Monday, August 4, 2014

The Politics of Halbig

It may be a little late to weigh in on Halbig v. Burwell, but better late than never.  The first and most obvious point is that it is a spectacular demonstration of just how broken our political system has become.

Consider:  The question of the individual mandate was a deep constitutional question, even if it was a novel one.  If the Supreme Court had held that Congress could regulate only economic "activity" and not "inactivity," the individual mandate would have been unsalvageable short of a Constitutional amendment.  The Hobby Lobby decision turned on a statute (RFRA), rather than the First Amendment, but constitutional questions lay not far below the surface.  This latest opinion lies in a simple glitch in statutory language that Congress could correct in a single afternoon.  That this is considered outside the realm of possibility.  I would say the fact that it is calmly accepted that if the Supreme Court holds that subsidies are only available to people who purchase insurance on state, not federally, created exchanges, millions will simply have to lose their insurance because Congress would sooner see them suffer than change a few words in a statute is sheer madness.

I am also a bit skeptical about it.  Consider the politics of it.  Suppose the question goes to the Supreme Court.  As the decision draws nearer and nearer, millions will be in fear that their subsidies might be in jeopardy.  This will create pressure on Congress to do something to reassure them.  And, after all, Congress need only change a few words in the statute and the whole suit will become moot.  Holding out and insisting that you want millions of people's subsidies to be in jeopardy looks like very bad politics to me.  And suppose that the Supreme Court decides that, indeed, only people who buy insurance on state exchanges are eligible for subsidies.  Suddenly millions will be stripped of their health insurance and Republicans will be dancing in the street with glee.  That sounds like even worse politics. After all, Republicans have never quite come out and said that they simply don't think some people should have health insurance.  They always come up with some other reason to oppose Obamacare. To be caught actually applauding people losing health insurance could be embarrassing.  And to fight to the last against a quick and easy fix seems even worse.

Of course, I may be miscalculating the politics here.  The usual Republican calculus has always been that since Obama is President, he will be blamed for everything that goes wrong, and therefore the worse they make things, the more they benefit.  Thus this time when people lose their insurance subsidies, Republicans will blame "Obamacare" and vow to repeal the monstrosity.  Winning issue! But I see a problem here.  As one conservative once said explaining why liberals don't bet many votes, "It's the substance, stupid!"  The same goes for conservatives.  Denouncing the evil of "Obamacare" for people in states with federal exchanges for the sudden loss of subsidies may be popular.  Vowing to end this monstrosity may also be popular.  But not restoring subsidies and instead stripping subsidies even from people buying insurance on state exchanges is not going to be popular.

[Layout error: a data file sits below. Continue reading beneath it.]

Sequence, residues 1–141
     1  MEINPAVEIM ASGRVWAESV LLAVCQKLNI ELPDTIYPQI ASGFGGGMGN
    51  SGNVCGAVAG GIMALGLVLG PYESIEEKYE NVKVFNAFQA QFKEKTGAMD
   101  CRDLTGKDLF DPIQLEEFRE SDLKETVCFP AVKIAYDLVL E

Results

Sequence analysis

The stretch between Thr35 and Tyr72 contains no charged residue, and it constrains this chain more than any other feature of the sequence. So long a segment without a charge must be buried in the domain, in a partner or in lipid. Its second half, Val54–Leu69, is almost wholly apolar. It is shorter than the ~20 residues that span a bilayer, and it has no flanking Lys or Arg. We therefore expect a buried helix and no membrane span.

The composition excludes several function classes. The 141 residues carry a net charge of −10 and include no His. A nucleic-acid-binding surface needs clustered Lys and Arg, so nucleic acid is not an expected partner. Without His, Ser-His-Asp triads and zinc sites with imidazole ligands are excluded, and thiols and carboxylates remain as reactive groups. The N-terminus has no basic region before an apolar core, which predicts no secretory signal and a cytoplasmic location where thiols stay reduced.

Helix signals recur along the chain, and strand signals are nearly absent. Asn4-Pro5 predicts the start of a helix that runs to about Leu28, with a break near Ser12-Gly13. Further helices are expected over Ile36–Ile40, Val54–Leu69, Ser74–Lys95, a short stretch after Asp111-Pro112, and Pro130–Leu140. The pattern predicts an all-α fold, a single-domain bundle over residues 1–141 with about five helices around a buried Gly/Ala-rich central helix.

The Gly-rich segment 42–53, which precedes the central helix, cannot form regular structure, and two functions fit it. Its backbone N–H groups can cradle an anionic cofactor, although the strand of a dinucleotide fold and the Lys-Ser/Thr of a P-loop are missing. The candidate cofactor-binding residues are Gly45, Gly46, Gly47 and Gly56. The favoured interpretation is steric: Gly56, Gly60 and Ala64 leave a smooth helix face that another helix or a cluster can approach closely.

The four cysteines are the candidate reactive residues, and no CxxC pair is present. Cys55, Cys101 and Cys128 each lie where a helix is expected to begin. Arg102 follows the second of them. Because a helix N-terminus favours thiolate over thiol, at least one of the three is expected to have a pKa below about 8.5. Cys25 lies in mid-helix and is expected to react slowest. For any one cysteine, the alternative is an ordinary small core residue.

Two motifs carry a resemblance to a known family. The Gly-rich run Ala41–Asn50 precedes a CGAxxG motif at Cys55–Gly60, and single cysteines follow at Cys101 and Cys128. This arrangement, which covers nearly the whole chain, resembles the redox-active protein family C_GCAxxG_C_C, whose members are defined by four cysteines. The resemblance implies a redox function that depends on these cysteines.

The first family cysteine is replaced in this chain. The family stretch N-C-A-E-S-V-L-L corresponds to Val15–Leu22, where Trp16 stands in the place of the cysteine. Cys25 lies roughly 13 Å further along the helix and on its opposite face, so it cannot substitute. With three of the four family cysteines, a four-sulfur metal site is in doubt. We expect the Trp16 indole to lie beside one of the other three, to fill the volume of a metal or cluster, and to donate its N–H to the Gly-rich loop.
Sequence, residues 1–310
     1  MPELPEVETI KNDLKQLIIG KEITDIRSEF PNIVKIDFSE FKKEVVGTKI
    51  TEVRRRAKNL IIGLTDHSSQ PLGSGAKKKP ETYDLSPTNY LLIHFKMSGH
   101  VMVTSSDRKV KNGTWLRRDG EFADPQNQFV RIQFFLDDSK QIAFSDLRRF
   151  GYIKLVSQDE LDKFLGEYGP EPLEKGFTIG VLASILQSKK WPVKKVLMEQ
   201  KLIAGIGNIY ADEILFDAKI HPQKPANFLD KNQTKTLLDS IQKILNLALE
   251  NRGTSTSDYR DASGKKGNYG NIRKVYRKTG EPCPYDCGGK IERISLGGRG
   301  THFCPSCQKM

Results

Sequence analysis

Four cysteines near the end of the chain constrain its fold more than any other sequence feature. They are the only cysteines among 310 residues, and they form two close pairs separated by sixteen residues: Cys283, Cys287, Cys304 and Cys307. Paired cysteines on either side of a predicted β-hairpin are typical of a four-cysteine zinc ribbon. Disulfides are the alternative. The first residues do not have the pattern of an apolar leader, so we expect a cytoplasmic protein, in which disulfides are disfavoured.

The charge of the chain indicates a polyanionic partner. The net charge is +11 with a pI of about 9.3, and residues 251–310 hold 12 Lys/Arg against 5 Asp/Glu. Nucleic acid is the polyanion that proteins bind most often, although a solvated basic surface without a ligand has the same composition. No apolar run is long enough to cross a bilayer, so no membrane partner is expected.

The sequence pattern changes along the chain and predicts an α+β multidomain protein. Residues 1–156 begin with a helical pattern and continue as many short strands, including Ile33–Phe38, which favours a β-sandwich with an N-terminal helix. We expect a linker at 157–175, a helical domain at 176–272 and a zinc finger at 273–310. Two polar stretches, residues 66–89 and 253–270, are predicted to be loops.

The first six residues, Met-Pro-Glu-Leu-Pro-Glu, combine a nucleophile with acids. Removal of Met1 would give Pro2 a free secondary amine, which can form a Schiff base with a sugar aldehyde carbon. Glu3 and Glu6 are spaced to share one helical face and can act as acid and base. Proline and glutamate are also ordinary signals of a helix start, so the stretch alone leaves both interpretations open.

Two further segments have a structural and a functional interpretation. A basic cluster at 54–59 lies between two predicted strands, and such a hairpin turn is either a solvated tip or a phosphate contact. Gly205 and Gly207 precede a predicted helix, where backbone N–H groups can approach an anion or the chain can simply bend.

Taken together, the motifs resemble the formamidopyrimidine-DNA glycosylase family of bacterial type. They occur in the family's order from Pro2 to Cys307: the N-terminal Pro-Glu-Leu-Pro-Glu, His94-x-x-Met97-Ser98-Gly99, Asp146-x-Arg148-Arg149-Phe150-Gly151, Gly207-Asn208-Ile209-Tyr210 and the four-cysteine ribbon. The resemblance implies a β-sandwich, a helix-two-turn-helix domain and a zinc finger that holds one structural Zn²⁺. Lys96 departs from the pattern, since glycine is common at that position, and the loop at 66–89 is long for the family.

And there may be another problem as well.  Republicans are usually good at blaming Obama for our country's woes, except during a head-to-head confrontation, when Republicans tend to do very badly. If the Supreme Court strips millions of their subsidies, Obama need only call on Congress to pass very simple legislation to fix the problem, and Congressional Republicans will have a most awkward time explaining why they are unwilling to do so.

Of course, my calculation here might be wrong.  The real issue might be that Republicans are highly successful at blaming Obama when they stick to obstruction, but are invariably blamed when they try to force something over.  (See government shutdowns, debt ceiling showdowns).  Since in this case they will simply be obstructing a fix, they may hope to win out.

Be that as it may, this unseemly enthusiasm for stripping millions of their subsidies is a most disturbing sign of the times.

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